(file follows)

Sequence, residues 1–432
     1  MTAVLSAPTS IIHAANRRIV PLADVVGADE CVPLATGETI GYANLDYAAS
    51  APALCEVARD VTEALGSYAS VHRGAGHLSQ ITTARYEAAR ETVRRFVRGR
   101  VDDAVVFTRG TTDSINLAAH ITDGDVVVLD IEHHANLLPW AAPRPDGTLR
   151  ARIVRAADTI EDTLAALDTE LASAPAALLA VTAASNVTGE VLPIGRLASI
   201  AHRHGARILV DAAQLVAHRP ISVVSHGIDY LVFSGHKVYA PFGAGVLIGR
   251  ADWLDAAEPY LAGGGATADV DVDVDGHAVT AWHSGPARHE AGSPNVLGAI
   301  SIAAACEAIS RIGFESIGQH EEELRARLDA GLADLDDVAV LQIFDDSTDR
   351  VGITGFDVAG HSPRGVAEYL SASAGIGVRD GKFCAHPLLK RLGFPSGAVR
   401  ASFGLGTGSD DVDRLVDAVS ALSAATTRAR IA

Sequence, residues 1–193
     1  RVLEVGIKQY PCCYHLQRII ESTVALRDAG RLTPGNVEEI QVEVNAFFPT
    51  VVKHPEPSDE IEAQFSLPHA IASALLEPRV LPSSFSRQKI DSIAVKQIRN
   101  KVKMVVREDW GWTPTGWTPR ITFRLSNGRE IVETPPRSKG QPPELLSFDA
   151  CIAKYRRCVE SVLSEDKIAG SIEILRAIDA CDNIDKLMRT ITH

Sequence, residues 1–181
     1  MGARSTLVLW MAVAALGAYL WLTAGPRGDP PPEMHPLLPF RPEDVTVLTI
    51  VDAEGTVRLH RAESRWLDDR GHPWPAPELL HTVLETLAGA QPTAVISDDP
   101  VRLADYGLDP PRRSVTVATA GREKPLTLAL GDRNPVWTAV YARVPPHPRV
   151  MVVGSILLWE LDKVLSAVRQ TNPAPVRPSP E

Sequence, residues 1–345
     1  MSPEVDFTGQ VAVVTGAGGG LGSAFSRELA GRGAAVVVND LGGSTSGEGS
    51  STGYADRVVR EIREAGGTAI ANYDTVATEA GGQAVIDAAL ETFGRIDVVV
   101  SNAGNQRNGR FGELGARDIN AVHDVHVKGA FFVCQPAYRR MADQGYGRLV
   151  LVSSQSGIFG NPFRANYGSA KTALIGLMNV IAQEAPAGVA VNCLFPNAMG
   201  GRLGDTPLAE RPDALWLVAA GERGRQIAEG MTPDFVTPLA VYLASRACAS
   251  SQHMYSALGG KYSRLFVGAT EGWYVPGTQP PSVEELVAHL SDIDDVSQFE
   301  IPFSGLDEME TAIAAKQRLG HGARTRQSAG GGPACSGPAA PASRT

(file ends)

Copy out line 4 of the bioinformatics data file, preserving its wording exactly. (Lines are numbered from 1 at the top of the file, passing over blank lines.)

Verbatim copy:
   101  VDDAVVFTRG TTDSINLAAH ITDGDVVVLD IEHHANLLPW AAPRPDGTLR